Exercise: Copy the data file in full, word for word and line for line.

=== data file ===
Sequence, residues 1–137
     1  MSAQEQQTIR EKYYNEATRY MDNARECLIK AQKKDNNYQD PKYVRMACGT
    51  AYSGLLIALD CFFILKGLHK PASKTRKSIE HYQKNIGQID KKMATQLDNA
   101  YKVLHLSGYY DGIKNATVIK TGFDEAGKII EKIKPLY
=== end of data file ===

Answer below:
Sequence, residues 1–137
     1  MSAQEQQTIR EKYYNEATRY MDNARECLIK AQKKDNNYQD PKYVRMACGT
    51  AYSGLLIALD CFFILKGLHK PASKTRKSIE HYQKNIGQID KKMATQLDNA
   101  YKVLHLSGYY DGIKNATVIK TGFDEAGKII EKIKPLY